Feeds

Virus writers add network sniffer to worm

Hybrid risks from potent malware

  • alert
  • submit to reddit

SANS - Survey on application security programs

Virus writers have grafted a network sniffer into the latest variant of the SDBot worm series.

So far there are no reports of SDBot-UH in the wild but the inclusion of selective network sniffing along with keystroke logging features and other backdoor capabilities has security researchers worried.

Sniffers are designed to monitor network traffic. They are widely used for network performance diagnostics but in this instance their function has been turned to malign purposes. Bundling a network sniffer with an auto-propagating worm makes it easier for hackers to harvest usernames and passwords than would otherwise be the case.

The sniffing capabilities of SDBot-UH worm focus on phrases associated with network logins and Paypal accounts. It also tries to steal the CD keys of games, according to an advisory by AV firm Trend Micro. Patrick Nolan, a security researcher at the Internet Storm Center, warns: "If the Trojans described by Trend can successfully transmit the filter's packet captures back to the owner, they are going to cause problems well beyond typical bot infestation issues."

SDBot-UH uses a variety of well-known Microsoft exploits to spread. It also looks for weak usernames and passwords to gain access to target machines. Malicious sniffers can be difficult to detect but Netcraft points to a number of tools such as Sentinel and AntiSniff that can be used to detect sniffers on a network. Individual users would do well to check that their network card is not set in promiscuous (sniffing) mode. ®

Related stories

Meet Stumbler: Next Gen port scanning malware
Gizza job, virus writers ask AV industry
Telenor takes down 'massive' botnet

Combat fraud and increase customer satisfaction

More from The Register

next story
Parent gabfest Mumsnet hit by SSL bug: My heart bleeds, grins hacker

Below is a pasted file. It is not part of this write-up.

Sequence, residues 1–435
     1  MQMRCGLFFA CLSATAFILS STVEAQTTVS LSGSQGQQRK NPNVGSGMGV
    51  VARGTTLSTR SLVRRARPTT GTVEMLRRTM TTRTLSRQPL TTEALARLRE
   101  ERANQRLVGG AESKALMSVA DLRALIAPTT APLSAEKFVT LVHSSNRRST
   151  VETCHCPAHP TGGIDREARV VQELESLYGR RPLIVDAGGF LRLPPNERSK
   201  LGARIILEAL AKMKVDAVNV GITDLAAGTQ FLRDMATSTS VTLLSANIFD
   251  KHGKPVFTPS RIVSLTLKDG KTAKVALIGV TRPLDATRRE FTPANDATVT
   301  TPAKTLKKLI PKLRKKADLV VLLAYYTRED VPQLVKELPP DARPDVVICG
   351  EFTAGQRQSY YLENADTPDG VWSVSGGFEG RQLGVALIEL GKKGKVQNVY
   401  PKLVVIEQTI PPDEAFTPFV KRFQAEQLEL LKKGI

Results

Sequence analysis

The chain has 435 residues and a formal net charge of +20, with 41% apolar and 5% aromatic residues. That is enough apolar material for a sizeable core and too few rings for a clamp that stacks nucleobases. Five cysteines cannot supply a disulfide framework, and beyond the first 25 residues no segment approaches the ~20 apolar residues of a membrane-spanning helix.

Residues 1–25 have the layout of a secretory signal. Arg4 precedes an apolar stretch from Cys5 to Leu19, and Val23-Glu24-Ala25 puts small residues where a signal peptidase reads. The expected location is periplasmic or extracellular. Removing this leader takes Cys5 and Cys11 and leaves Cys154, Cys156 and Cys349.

Natter-board tells middle-class Britain to purée its passwords
Samsung Galaxy S5 fingerprint scanner hacked in just 4 DAYS
Sammy's newbie cooked slower than iPhone, also costs more to build
Obama allows NSA to exploit 0-days: report
If the spooks say they need it, they get it
Web data BLEEDOUT: Users to feel the pain as Heartbleed bug revealed
Vendors and ISPs have work to do updating firmware - if it's possible to fix this
Snowden-inspired crypto-email service Lavaboom launches
German service pays tribute to Lavabit
One year on: diplomatic fail as Chinese APT gangs get back to work
Mandiant says past 12 months shows Beijing won't call off its hackers
Call of Duty 'fragged using OpenSSL's Heartbleed exploit'
So it begins ... or maybe not, says one analyst
NSA denies it knew about and USED Heartbleed encryption flaw for TWO YEARS
Agency forgets it exists to protect communications, not just spy on them
prev story

Whitepapers

Designing a defence for mobile apps
In this whitepaper learn the various considerations for defending mobile applications; from the mobile application architecture itself to the myriad testing technologies needed to properly assess mobile applications risk.
3 Big data security analytics techniques
Applying these Big Data security analytics techniques can help you make your business safer by detecting attacks early, before significant damage is done.
Five 3D headsets to be won!
We were so impressed by the Durovis Dive headset we’ve asked the company to give some away to Reg readers.
The benefits of software based PBX
Why you should break free from your proprietary PBX and how to leverage your existing server hardware.
Securing web applications made simple and scalable
In this whitepaper learn how automated security testing can provide a simple and scalable way to protect your web applications.